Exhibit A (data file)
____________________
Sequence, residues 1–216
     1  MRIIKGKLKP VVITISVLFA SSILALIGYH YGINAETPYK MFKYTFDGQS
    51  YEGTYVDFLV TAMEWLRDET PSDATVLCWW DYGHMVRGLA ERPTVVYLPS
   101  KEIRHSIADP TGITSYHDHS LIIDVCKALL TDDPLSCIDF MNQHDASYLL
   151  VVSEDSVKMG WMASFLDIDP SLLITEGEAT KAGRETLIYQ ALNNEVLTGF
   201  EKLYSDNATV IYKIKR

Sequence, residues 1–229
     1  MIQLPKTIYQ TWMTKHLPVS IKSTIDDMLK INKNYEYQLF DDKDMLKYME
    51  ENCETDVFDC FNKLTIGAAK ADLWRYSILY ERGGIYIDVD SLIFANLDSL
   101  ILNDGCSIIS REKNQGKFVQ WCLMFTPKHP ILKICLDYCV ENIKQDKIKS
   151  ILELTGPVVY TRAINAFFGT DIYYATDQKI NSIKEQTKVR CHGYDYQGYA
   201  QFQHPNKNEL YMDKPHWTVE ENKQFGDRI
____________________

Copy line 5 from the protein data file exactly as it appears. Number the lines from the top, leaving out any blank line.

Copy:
   151  VVSEDSVKMG WMASFLDIDP SLLITEGEAT KAGRETLIYQ ALNNEVLTGF